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NCGA leads efforts on climate change

National Corn Growers Association’s is working with other industry members to prepare and handle climate change through their Climate Task Force group.

Wind turbines on a farm
Wind turbines on a farm

Agriculture is an always changing industry. Farmers and livestock producers are often faced with new products, innovative technology, policy adjustments, changing markets, uncontrollable weather and now some question the possibility and long-term impact of climate change.

Nick Goeser, National Corn Growers Association’s (NCGA) vice president of production and sustainability, notes there is significant data indicating some key weather and climate factors have indeed changed in many corn growing states across the United States, and with the shift comes new challenges as well as real opportunities.

Climate Task Force

Identifying and assessing these challenges and opportunities and crafting appropriate next steps is the driving force behind the Climate Task Force formed by NCGA a year ago. The multidisciplinary group – made up of farmers and representatives of NGOs, input suppliers, processors, food companies, retailers, academia and state corn association staff – recently wrapped up its initial charter of developing recommendations for the NCGA Board.

“The group put in long hours evaluating and exploring the options and opportunities to address our changing global climate in a manner that adds value for corn producers, optimizes productivity and improves environmental sustainability,” Goeser said. “We came away with innovative recommendations to adapt to changes we haven’t seen before.”

Ultimately, it’s about optimal yields, environmental enhancement and economic resilience, Goeser notes, because wetter than normal springs affect the ability to apply fertilizer and plant the crop during an ideal window. Also, increases in nighttime temperatures can be disruptive of key plant development stages like pollination.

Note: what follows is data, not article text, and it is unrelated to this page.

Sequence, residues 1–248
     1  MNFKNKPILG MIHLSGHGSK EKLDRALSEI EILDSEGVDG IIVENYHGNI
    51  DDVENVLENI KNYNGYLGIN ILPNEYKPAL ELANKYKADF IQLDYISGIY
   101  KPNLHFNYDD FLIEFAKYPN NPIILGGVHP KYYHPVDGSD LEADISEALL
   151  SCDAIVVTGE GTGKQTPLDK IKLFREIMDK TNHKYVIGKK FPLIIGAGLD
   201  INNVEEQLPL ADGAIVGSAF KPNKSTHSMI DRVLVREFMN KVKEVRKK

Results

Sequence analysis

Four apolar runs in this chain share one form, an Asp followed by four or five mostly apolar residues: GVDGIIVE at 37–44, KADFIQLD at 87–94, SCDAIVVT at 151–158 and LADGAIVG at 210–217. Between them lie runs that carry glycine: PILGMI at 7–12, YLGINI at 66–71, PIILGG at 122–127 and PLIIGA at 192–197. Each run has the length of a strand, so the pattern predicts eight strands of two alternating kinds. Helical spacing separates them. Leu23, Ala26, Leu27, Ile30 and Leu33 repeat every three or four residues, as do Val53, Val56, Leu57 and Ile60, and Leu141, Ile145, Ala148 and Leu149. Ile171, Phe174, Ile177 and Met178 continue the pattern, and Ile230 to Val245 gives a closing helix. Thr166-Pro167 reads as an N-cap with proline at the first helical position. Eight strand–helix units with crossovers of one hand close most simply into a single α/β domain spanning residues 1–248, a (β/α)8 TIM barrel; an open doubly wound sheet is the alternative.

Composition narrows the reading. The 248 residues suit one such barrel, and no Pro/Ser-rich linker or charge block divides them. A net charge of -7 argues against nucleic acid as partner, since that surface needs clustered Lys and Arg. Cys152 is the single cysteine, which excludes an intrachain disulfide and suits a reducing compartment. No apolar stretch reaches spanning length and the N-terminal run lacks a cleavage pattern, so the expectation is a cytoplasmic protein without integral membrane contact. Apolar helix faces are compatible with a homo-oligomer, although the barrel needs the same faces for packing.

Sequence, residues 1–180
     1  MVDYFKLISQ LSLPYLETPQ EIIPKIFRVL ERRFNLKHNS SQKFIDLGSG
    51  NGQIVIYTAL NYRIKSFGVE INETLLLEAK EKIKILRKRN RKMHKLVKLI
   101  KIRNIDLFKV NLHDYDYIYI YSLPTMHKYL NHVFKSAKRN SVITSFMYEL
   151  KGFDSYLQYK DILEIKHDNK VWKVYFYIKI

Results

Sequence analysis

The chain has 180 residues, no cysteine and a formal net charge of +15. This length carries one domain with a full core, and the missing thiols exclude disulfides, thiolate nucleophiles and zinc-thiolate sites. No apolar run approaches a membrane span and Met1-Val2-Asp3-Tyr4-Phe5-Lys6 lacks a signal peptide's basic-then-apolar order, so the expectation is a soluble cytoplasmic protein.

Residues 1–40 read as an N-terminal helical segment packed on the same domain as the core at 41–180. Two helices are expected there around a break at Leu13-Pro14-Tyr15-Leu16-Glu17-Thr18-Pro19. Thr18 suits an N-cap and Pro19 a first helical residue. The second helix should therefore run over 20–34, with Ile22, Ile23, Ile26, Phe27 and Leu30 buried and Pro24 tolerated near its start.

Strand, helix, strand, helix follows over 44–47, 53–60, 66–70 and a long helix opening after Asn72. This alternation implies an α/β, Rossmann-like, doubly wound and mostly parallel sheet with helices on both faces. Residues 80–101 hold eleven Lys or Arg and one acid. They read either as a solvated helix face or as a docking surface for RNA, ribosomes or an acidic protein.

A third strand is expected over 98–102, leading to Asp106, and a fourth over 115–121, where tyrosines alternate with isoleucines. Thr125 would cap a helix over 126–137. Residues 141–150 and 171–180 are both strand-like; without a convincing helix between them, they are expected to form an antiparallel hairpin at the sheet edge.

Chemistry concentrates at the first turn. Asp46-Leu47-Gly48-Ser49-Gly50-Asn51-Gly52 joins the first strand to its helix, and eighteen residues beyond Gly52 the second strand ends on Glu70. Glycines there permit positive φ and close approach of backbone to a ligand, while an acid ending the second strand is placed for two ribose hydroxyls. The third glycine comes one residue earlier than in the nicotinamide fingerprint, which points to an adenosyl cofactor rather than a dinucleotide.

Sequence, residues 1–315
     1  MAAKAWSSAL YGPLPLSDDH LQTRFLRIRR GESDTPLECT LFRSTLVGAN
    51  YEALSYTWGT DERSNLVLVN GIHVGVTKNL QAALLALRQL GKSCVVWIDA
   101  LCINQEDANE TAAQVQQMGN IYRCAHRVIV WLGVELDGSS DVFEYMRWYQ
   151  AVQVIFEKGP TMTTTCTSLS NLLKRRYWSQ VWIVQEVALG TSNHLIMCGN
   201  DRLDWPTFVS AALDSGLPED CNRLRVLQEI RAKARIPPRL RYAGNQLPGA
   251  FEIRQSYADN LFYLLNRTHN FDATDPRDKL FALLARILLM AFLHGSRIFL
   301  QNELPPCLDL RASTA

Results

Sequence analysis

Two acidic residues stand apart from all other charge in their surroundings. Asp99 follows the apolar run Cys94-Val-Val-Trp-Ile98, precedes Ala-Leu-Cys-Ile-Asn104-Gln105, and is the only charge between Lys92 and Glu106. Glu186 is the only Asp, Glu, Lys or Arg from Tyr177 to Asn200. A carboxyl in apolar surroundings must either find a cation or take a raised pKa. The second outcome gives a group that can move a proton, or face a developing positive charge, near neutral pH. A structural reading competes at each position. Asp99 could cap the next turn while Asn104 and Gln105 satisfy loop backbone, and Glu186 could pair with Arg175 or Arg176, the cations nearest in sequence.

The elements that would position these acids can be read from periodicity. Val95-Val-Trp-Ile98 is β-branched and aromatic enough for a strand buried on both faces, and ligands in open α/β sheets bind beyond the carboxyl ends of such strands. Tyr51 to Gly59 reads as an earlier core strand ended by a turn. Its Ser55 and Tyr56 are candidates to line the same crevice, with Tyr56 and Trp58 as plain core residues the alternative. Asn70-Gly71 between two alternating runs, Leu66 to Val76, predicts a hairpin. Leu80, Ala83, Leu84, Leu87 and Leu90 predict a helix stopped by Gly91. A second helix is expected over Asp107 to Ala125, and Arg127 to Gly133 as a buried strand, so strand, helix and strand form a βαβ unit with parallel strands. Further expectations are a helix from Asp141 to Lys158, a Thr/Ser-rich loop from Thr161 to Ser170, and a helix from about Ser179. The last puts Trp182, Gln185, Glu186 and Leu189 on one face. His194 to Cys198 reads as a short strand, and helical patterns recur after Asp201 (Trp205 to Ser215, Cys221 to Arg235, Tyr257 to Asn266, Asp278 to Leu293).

“The multidisciplinary team looked beyond pure agronomic challenges and also discussed possible policy and economic changes related to climate and greenhouse gas reductions,” Goeser said. “NCGA is always looking to identify and expand educational tools and opportunities for our grower members, and access to carbon markets to improve environmental, economic and social outcomes presents this kind of opportunity.”

Moving forward

The NCGA board will review the recommendations coming from the Task Force in June and two key messages will be presented.

The first idea is based off the idea that there is significant opportunity for more formal and consistent communications and engagement with allied industry partners, food companies, retailers, university scientists, environmental interests and economists.

The second is that there is strong interest in continued collaboration on climate change related to additional research, communications and supply chain engagement to support informed decision making.

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